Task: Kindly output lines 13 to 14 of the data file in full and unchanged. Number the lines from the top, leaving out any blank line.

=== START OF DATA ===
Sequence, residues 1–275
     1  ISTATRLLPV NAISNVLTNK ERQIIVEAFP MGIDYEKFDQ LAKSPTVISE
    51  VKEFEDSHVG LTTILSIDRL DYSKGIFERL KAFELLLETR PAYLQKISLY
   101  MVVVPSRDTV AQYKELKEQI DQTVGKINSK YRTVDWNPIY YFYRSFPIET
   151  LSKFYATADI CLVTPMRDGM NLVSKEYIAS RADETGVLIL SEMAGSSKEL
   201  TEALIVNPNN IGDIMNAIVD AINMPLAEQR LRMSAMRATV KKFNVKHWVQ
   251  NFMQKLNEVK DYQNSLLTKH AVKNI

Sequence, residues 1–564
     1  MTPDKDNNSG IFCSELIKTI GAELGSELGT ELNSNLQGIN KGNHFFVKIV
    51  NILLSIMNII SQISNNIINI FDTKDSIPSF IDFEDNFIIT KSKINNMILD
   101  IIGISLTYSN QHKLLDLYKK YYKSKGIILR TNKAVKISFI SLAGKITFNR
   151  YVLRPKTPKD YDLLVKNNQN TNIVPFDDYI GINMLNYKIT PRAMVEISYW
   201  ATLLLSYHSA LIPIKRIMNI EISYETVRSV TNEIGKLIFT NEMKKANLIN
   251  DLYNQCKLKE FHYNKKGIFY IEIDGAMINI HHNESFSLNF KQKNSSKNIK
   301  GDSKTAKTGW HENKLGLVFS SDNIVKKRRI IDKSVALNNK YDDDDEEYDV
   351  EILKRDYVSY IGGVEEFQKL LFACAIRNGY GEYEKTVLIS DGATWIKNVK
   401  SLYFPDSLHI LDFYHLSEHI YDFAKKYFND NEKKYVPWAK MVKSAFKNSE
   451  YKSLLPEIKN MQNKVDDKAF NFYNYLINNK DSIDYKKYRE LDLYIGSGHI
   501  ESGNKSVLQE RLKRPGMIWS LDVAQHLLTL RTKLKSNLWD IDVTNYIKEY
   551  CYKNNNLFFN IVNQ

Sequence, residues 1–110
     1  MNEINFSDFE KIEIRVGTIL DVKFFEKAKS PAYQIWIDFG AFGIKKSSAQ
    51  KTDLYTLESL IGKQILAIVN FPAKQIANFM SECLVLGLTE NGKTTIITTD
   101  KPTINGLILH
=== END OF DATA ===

   201  ATLLLSYHSA LIPIKRIMNI EISYETVRSV TNEIGKLIFT NEMKKANLIN
   251  DLYNQCKLKE FHYNKKGIFY IEIDGAMINI HHNESFSLNF KQKNSSKNIK